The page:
Sugata Mitra is a very interesting man. Get to see him if you can. I’ve mentioned him several times both around his school in the cloud work and also the development of self-learning environments. That reminds me that I must do something about my wish to create a self-learning work environment (number eight on my list of things for this year). But today I’ve been thinking about something else. A conversation I was having with a supplier reminded me of something Sugata had said.
‘The Victorians created a global computer made up of people. It’s called the bureaucratic administrative machine. In order to keep that running, you need lots and lots of people. They must be identical to each other so they created a system, called school, to make parts. They must have good handwriting, they must be able to read, and they must be able to add, subtract and do division’.
My question on the back of it is, are we a bureaucratic nation? Is this what puts the so called great in Britain? Is our ability to organise, document and manage what put the backbone into Empire? Is bureaucracy within our DNA?
Just over the road from our offices in Seaham there is a nice walk that takes you along the cliffs along the coast. When I say nice you will need to accommodate the vagaries of the weather but on the right day it can be very pleasant. The cliffs are high, very steep and the sea boils away below. They can be a dangerous place to be.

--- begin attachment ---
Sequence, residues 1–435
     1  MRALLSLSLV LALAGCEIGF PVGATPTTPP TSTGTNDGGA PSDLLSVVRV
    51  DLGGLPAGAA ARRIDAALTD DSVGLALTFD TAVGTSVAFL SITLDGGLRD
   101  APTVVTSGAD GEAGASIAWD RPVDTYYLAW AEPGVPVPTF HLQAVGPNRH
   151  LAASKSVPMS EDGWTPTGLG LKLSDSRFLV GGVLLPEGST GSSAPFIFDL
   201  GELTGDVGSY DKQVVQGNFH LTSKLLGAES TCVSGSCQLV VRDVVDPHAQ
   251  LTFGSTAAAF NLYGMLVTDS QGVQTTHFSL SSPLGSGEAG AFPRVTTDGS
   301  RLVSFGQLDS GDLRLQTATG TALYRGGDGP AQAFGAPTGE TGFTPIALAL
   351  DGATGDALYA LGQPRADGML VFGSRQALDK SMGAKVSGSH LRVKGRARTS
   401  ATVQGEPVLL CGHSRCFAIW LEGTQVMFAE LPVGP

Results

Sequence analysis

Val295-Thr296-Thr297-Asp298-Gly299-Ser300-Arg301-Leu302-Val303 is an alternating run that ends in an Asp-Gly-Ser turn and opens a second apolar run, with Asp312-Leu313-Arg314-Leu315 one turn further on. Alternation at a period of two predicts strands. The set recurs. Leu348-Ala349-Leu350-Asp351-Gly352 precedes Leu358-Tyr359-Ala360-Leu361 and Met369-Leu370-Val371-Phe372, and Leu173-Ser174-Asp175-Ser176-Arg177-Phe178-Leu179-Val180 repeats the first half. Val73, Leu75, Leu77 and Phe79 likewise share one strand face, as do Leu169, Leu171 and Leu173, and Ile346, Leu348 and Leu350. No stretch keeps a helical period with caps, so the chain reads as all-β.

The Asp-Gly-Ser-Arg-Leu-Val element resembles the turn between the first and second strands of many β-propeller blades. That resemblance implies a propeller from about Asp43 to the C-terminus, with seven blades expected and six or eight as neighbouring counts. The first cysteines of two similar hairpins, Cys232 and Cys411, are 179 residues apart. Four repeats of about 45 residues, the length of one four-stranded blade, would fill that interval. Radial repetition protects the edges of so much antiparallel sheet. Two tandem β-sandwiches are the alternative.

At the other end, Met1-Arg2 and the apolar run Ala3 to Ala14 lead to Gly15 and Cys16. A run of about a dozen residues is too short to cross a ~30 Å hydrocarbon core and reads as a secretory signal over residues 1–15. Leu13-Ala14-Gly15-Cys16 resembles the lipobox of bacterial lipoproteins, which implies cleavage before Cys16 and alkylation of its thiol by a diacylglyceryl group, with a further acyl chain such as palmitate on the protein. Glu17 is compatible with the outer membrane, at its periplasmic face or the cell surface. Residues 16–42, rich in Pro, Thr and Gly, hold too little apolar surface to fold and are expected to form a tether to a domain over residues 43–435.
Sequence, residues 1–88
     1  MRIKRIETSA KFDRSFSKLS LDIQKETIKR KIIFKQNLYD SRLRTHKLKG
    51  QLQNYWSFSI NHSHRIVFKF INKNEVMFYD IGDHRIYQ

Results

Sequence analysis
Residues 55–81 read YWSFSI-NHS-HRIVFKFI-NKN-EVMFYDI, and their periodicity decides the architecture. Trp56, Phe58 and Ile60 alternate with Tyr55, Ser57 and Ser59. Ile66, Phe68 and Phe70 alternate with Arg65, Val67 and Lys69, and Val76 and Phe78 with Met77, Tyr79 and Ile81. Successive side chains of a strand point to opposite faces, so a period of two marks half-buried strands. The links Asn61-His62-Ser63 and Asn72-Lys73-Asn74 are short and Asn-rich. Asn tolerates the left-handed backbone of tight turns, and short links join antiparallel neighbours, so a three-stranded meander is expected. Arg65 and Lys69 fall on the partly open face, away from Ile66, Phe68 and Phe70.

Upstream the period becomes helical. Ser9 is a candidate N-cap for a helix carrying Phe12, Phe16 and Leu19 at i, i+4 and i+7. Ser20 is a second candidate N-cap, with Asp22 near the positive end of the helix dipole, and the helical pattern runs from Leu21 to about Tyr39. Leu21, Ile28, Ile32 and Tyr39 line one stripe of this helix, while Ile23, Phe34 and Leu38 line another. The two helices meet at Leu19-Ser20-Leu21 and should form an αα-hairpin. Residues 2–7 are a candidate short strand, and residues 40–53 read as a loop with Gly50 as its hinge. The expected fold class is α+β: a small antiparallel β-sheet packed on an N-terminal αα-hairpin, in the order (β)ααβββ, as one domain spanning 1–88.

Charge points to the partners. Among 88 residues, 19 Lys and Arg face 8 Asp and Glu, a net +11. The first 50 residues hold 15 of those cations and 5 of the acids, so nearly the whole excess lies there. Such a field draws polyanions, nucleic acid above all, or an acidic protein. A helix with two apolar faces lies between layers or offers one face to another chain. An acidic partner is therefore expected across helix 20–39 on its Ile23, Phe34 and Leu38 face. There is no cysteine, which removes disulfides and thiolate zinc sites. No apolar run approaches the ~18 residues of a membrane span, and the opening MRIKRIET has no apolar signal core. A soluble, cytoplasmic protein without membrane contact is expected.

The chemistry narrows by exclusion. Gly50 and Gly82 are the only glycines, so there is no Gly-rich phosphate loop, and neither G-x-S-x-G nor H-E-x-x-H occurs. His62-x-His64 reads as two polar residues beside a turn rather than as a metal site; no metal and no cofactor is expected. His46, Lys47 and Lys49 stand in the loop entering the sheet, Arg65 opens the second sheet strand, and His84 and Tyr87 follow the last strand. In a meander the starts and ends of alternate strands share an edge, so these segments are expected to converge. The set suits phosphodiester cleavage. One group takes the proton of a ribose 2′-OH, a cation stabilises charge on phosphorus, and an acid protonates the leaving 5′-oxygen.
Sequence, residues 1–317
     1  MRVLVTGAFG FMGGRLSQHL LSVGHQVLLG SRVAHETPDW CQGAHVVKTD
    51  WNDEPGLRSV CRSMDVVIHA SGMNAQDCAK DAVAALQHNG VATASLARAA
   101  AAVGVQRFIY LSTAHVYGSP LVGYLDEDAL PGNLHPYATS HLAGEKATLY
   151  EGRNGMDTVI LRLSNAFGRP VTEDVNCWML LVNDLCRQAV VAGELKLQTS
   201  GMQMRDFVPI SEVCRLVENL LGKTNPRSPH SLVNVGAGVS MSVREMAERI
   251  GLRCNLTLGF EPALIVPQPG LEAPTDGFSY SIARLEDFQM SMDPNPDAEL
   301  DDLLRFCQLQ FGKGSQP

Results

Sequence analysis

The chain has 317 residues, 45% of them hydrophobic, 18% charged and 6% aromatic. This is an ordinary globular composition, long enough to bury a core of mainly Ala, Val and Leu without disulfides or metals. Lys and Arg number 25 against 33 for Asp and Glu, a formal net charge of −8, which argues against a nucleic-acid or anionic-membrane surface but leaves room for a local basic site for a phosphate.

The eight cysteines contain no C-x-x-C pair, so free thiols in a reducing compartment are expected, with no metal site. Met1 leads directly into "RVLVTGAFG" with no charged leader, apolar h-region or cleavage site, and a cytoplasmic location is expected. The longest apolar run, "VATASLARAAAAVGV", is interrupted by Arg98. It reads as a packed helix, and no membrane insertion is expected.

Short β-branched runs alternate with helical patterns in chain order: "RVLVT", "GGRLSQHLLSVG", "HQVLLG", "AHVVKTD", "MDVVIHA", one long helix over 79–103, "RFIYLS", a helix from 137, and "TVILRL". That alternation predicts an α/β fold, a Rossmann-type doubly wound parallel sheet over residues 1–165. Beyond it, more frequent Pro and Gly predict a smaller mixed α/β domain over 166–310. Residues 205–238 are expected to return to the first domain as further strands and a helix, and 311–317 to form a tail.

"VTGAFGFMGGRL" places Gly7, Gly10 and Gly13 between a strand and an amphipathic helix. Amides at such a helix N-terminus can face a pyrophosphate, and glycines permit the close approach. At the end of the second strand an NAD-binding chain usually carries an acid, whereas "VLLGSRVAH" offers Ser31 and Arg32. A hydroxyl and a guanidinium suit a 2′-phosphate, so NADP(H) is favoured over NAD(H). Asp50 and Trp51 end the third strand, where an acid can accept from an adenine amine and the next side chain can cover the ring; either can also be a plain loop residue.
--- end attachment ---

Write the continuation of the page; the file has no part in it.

You know this however because it is made absolutely clear. Signposts are everywhere that there are dangerous cliffs ahead and that there is a risk of falling. In case that’s not clear there are signs showing people tumbling over the edge. If you get anywhere close there is a fence, with wire and more signs reminding you of the danger. You can be left in no doubt at all that you proceed further at your own imminent peril.
Contrast this with a visit to Majorca where I walked up to the edge of a much higher cliff and was able to peer over the edge into an admittedly much more welcoming sea some distance below. There was one sign, some way back from the edge and no fence. It was if the authorities were saying if I am stupid enough to go to close then on my own head be it, or whichever part of my anatomy I happen to fall on.
Alright, this is not really a bureaucracy issue but demonstrates a potential difference in our approaches. In Britain it seems that we are more than willing to be nudged and guided into better behaviour even if we ignore it most of the time. We accept it because it is on our nature and this is the same with administration. Our default position is to add more, to create a process, to develop a form.
I need to use the technology at our disposal to drive out unnecessary paperwork and process yet I’m beginning to wonder if this is made harder by the fact that bureaucracy is something we like to do, because we are good at it.
Perhaps we are not a nation of shopkeepers but a nation of bureaucrats.